These facts may now be used to illustrate the two occasions on which Jesus is recorded to have been on the Sea in a storm (Matthew 8:23, Mark 4:37, Luke 8:23; and Matthew 14:24, Mark 6:48, John 6:18). On the former of these the journey was from Capernaum to Gergesa, and the wind was from the north-east. Thus the boat was struck on its side, and so ‘the waves beat into the ship’ and it became ‘filled.’ On the second occasion they were attempting to pass from Bethsaida Julias to Capernaum. The wind was against them, blowing down the Wady Hamâm and over the Plain of Gennesaret, so that they were ‘toiling in rowing, for the wind was contrary.’ It is also made clear to us that, although the wind prevented their getting to Capernaum, it was not such as would prevent boats coming from Tiberias (John 6:18-24). Even in the height of the storm they could have, under the shelter of the western hills, proceeded as far as Mejdel, and thus come early upon the scene at any point at the north end of the Lake when once the storm was calmed.
It might be imagined that the cessation of the storms might mean simply the passing from an exposed and stormy to a calmer and protected region, but in both the cases recorded this is impossible. In the first instance, when the wind was from the north-east, the whole Sea would be disturbed; while in the latter case the Sea to the north of Mejdel would be all affectcd by the storm; and as the passage was between el-Batiha and the Plain of Gennesaret, the boat would not even approach the region of calm.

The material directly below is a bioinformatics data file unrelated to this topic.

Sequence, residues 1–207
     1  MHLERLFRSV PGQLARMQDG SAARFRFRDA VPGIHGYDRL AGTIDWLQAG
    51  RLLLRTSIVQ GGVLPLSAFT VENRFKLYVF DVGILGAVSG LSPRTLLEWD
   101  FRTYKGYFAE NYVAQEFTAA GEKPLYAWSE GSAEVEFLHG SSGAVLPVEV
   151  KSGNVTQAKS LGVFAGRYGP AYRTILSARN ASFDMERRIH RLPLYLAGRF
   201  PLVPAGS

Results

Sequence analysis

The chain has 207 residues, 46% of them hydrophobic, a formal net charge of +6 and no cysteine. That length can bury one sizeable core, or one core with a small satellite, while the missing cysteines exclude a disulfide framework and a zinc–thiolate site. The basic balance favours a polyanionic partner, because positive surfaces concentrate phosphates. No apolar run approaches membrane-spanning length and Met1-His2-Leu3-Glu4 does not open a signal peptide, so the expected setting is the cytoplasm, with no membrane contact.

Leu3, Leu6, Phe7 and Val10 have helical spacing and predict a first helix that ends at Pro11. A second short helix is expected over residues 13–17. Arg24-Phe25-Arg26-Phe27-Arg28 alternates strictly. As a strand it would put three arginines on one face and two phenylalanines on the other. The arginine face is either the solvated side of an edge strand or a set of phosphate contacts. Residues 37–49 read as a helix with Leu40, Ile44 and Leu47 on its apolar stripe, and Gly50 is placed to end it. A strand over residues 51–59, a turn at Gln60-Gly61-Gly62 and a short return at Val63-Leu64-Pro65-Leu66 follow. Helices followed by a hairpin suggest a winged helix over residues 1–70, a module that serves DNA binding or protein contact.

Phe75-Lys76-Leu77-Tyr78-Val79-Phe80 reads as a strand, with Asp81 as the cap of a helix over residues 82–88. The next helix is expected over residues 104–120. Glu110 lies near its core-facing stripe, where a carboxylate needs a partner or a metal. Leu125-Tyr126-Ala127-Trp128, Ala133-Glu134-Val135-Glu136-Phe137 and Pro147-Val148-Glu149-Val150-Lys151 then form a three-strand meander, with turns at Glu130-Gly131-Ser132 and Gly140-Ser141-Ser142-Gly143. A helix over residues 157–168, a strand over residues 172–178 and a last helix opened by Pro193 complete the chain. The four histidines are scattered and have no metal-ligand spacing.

iv. Industries.—During the peaceful years of Christ’s ministry the whole Lake-basin was becoming a focus of life and energy. We have already indicated, by references to Josephus and the Rabbis, what the land was in the process of becoming in so far as agriculture was concerned. The tilling of the soil must have been a tempting occupation where the land was so fertile, so well watered everywhere, and enjoyed so much of the sunshine. Besides, it could be sown two and even three times in the year. At the present time in the plain of el-Batiha this is the case. After the corn harvest is gathered in, Indian corn may be sown; and when this also has ripened and been cleared off, the land and the season are ready for vegetables and water melons. The peculiar climate, too, ripens the harvest a month earlier than on the higher lands of Galilee and Bashan. The melons and the cucumbers are ready for use fully four weeks before those of Acre and Damascus, so that the prospect of greater gain by being able to anticipate the markets in all the larger towns must have been a powerful incentive to diligence when the means of transport were easier than now. We know that the fruits of Gennesaret were taken to Judaea (M. Ma‘aser Sheni ii. 3), though it is said that they were not allowed in Jerusalem, lest on account of their goodness they should form an inducement, apart from the spiritual one, for pilgrims to journey thither (Bab. [Note: Babylonian.] Pesach. 8b). With so much activity was this work pursued, that the hiring of day-labourers seems to have been quite common, and they were wont to go from Tiberias to till the lands of Beth-maon (Kul‘at ibn Ma‘an), which lands we believe to have been in the Plain of Gennesaret (Jerus. [Note: Jerusalem.] Bab. [Note: Babylonian.] Met. vii. 1; and cf. Matthew 20:1-17). Nor can we overlook the work of the shepherd, so closely bound up with agriculture, and to which there is so frequent reference in the Gospel story; but, just as in modern times, this work would be less pursued by the Lake side than on the neighbouring hills, where we know that even the flocks of Judaea were pastured (Baba Bathra v. 1).